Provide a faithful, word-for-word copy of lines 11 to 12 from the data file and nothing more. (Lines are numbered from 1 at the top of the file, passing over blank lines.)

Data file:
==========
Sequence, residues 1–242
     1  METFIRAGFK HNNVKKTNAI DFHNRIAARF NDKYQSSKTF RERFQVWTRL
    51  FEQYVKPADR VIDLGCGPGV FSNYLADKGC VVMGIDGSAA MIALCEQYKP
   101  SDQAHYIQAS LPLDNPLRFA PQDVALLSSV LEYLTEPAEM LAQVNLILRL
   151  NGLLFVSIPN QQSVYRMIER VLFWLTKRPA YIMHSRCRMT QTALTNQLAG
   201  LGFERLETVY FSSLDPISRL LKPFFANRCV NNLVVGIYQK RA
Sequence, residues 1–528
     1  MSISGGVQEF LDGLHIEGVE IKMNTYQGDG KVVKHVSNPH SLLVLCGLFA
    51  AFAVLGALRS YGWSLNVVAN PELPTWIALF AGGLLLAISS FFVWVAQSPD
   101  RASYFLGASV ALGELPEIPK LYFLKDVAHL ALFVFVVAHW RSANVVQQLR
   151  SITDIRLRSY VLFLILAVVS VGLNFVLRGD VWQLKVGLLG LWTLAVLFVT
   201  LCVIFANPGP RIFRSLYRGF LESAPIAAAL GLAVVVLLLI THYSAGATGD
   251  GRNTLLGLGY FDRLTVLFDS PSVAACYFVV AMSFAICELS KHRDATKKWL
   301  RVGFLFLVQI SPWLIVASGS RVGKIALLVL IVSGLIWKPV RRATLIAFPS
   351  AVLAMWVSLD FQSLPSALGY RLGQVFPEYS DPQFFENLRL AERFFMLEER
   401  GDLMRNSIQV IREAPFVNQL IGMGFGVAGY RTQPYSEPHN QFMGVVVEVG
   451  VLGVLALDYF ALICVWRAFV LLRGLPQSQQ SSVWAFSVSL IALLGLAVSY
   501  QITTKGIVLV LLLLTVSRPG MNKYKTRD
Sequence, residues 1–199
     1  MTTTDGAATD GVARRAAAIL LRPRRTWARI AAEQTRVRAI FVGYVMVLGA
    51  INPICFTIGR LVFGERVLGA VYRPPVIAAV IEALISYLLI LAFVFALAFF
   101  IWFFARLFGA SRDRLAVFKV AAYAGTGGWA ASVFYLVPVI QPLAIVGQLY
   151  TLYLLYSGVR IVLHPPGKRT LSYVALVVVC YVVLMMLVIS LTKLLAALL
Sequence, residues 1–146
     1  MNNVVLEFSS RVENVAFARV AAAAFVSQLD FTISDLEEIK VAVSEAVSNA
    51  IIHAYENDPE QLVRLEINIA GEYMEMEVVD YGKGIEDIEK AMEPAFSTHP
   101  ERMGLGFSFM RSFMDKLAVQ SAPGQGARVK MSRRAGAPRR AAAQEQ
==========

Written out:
   151  SITDIRLRSY VLFLILAVVS VGLNFVLRGD VWQLKVGLLG LWTLAVLFVT
   201  LCVIFANPGP RIFRSLYRGF LESAPIAAAL GLAVVVLLLI THYSAGATGD